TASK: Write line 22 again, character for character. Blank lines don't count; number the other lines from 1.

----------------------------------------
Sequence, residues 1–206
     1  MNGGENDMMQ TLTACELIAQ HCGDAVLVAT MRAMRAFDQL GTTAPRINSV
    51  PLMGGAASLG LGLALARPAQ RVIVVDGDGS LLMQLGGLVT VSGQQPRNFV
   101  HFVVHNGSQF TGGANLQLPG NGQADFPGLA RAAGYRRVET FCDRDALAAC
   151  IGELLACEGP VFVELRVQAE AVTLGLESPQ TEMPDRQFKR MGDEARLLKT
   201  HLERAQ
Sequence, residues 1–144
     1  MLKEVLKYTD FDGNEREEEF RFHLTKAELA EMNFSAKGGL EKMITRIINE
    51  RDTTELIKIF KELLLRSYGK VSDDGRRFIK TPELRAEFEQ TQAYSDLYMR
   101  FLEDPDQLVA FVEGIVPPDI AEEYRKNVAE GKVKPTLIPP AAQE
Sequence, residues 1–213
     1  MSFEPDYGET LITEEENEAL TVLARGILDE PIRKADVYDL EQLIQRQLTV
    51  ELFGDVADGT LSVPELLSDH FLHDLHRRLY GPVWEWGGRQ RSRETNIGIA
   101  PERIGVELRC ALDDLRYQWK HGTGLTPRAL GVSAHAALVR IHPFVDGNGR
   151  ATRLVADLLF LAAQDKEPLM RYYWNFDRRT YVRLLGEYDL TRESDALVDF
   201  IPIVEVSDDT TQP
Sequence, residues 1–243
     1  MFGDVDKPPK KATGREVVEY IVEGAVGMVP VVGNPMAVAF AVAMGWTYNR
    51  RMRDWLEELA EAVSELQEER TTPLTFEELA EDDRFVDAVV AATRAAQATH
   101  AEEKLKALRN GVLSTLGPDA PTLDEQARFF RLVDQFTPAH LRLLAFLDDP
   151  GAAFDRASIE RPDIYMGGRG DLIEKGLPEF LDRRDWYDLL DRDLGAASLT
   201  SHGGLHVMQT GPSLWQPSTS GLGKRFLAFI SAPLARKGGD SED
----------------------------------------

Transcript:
   201  SHGGLHVMQT GPSLWQPSTS GLGKRFLAFI SAPLARKGGD SED